Do not delay discussing any change in your stools with your doctor. Diverticulitis and anal cancer can also cause narrowing of the stools.
- Tender Abdomen or Abdominal Pain
If your abdomen, especially the lower part, hurts or feels tender when touched, this can be an early indication of tumor growth in the digestive tract, colon or rectum. In fact, abdominal pain is common in people who are later diagnosed with colon cancer.
A tumor can cause a block in the colon, restricting blood flow. This leads to abdominal pain that can be severe. This pain also can indicate that the cancer has begun to spread to other organs.
If abdominal pain or tenderness persists for more than 2 to 3 days, consult your doctor for proper diagnosis.
- Unexplained Anemia
Anemia refers to a low red blood cell count in the body. The hemoglobin in red blood cells carries oxygen throughout the body.
Symptoms of anemia, such as pale skin, a fast or irregular heartbeat, shortness of breath, dizziness, and cold hands and feet, should not be taken lightly.
Unexplained anemia may be due to colon cancer. Typically, cancer in the right-side of the colon causes iron-deficiency anemia. This happens when tumors start bleeding slowly into the digestive tract, causing blood loss over time.
A 2008 study published in the British Journal of Cancer confirms a strong connection between anemia and cancer, with the risk rising as the hemoglobin level falls. This study also confirms iron deficiency as an independent predictor of cancer.
If you have signs of anemia, consult your doctor immediately to get your hemoglobin level checked.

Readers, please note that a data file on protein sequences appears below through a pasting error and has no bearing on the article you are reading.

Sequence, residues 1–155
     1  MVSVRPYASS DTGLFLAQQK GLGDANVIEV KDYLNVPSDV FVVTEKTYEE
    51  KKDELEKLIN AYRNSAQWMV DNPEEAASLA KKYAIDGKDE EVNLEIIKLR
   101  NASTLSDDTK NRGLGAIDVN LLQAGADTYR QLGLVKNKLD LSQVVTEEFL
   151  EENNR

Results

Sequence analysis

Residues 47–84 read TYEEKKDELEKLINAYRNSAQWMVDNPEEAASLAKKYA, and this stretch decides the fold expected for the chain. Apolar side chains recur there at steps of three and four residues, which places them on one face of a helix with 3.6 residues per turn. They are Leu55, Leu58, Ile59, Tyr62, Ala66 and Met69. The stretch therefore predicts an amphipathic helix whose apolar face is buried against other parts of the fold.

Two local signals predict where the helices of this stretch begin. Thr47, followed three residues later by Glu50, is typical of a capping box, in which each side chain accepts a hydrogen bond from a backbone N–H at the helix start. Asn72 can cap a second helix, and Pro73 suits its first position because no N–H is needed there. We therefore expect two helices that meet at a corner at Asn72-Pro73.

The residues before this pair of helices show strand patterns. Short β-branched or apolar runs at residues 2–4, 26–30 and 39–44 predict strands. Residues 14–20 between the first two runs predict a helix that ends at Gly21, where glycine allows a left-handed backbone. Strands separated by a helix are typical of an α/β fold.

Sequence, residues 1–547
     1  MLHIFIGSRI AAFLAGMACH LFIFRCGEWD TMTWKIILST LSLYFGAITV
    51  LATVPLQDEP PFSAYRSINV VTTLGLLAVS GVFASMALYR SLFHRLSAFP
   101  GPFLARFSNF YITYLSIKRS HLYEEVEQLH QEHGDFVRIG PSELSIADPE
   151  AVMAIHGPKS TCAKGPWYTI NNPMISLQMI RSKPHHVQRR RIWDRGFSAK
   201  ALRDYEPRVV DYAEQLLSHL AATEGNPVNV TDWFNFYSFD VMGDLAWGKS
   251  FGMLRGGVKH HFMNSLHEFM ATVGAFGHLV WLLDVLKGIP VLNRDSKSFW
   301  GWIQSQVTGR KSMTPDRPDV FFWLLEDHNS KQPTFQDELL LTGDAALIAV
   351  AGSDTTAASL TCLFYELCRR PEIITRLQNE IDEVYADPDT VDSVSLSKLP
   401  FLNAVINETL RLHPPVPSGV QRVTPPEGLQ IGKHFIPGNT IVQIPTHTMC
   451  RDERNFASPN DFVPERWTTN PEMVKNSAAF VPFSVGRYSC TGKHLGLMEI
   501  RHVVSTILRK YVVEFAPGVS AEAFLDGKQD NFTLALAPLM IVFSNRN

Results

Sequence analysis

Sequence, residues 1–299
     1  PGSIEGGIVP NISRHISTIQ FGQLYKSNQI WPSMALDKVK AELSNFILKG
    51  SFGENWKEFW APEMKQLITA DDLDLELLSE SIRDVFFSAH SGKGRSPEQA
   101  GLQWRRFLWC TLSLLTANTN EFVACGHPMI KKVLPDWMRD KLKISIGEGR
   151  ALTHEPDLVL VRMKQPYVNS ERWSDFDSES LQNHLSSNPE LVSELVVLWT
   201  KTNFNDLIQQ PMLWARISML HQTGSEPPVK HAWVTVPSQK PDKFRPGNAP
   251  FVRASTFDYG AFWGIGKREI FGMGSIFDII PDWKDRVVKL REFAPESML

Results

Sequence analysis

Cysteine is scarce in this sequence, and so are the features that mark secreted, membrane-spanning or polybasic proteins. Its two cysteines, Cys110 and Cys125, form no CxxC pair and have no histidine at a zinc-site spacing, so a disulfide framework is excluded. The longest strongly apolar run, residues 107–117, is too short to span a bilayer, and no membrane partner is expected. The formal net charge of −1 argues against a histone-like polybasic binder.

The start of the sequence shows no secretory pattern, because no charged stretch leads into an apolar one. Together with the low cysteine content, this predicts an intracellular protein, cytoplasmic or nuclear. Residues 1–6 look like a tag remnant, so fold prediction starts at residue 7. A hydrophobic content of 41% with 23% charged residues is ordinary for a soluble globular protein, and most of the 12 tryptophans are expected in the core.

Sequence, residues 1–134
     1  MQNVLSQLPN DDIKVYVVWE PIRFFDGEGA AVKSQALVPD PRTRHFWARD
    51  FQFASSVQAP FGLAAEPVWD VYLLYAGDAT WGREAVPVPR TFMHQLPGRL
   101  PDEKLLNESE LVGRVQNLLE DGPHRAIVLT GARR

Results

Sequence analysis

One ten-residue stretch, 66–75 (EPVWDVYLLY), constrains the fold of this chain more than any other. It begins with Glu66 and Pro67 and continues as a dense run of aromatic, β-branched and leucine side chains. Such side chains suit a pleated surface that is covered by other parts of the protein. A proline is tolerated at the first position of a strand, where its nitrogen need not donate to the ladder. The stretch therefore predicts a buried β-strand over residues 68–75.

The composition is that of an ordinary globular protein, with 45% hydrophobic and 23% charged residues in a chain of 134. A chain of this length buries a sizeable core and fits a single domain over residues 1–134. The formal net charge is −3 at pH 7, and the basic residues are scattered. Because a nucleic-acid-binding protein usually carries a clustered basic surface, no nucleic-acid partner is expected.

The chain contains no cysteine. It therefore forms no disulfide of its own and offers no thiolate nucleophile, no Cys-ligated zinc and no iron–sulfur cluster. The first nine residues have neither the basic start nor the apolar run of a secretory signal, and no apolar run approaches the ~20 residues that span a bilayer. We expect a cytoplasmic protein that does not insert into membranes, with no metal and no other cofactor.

- Unexplained Weight Loss
If you are above the age of 50 and rapidly losing weight without any known reason, it is a cause for concern. Sudden, unexplained weight loss can indicate a serious health problem, including colon or rectal cancer.
A 2006 study published in the Annals of the Royal College of Surgeons of England found that unexplained weight loss happens mostly during advanced stages of colorectal cancers.
The growth of a tumor can lead to loss of appetite, as cancer can affect your metabolism, thus causing weight loss.
If you are rapidly losing weight without changing your diet or exercise routine, discuss this with your doctor.
- Weakness and Fatigue
Another early symptom of colon cancer is fatigue, weakness and general malaise. Fatigue and tiredness after doing a laborious task is to be expected, but if you feel tired and weak most of the time, despite resting, do not take it lightly.
Large polyps or tumors in the colon can lead to iron-deficiency anemia that causes lower oxygen levels in the blood. This contributes to fatigue.
Fatigue and weakness can also be related to a number of chronic illnesses and medical disorders, sovisit your doctor to find outthe exact cause.
- Gas and Bloating
Most people suffer from gas and bloating occasionally, but if the problem occurs along with some of the other symptoms mentioned here, it may be an indication of a tumor growing in the colon.
A tumor causes obstruction in the colon. Depending on the severity of the blockage, gas, solid and liquid may be prevented from passing out of the body. This in turn causes progressive bloating as well as gas.
If you have a lot of discomfort due to gas and bloating, see a doctor to rule out the possibility of cancer.
Tips to reduce your risk of colon cancer:
- Include a variety of fresh fruits, fresh vegetables and whole grains in your diet.
- Avoid drinking alcohol, or at least drink in moderation.
- Stop smoking and use of other tobacco products.
- Exercise for at least 30 to 40 minutes, 5 times a week.
- If you are overweight, take steps to lose weight gradually.
- Opt for regular screening tests to help prevent colon cancer